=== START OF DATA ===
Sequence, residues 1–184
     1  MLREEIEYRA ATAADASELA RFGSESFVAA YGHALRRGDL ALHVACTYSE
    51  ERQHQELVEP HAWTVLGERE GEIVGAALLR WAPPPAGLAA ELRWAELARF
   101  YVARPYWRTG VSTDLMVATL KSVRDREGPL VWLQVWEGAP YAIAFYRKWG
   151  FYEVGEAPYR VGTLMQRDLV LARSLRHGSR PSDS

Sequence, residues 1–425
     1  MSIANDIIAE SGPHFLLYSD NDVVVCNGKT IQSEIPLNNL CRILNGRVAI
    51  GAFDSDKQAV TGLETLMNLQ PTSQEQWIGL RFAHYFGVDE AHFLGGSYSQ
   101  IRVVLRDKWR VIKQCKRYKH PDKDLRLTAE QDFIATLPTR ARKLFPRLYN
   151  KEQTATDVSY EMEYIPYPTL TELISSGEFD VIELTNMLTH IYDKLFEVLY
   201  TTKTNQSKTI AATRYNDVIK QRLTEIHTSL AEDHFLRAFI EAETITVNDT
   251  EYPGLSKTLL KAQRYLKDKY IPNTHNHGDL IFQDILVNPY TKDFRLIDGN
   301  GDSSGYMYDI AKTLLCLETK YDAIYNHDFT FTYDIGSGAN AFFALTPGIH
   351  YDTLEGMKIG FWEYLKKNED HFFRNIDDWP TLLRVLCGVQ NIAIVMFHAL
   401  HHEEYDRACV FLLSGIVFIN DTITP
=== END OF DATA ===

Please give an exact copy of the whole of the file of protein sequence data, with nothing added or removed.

Sequence, residues 1–184
     1  MLREEIEYRA ATAADASELA RFGSESFVAA YGHALRRGDL ALHVACTYSE
    51  ERQHQELVEP HAWTVLGERE GEIVGAALLR WAPPPAGLAA ELRWAELARF
   101  YVARPYWRTG VSTDLMVATL KSVRDREGPL VWLQVWEGAP YAIAFYRKWG
   151  FYEVGEAPYR VGTLMQRDLV LARSLRHGSR PSDS

Sequence, residues 1–425
     1  MSIANDIIAE SGPHFLLYSD NDVVVCNGKT IQSEIPLNNL CRILNGRVAI
    51  GAFDSDKQAV TGLETLMNLQ PTSQEQWIGL RFAHYFGVDE AHFLGGSYSQ
   101  IRVVLRDKWR VIKQCKRYKH PDKDLRLTAE QDFIATLPTR ARKLFPRLYN
   151  KEQTATDVSY EMEYIPYPTL TELISSGEFD VIELTNMLTH IYDKLFEVLY
   201  TTKTNQSKTI AATRYNDVIK QRLTEIHTSL AEDHFLRAFI EAETITVNDT
   251  EYPGLSKTLL KAQRYLKDKY IPNTHNHGDL IFQDILVNPY TKDFRLIDGN
   301  GDSSGYMYDI AKTLLCLETK YDAIYNHDFT FTYDIGSGAN AFFALTPGIH
   351  YDTLEGMKIG FWEYLKKNED HFFRNIDDWP TLLRVLCGVQ NIAIVMFHAL
   401  HHEEYDRACV FLLSGIVFIN DTITP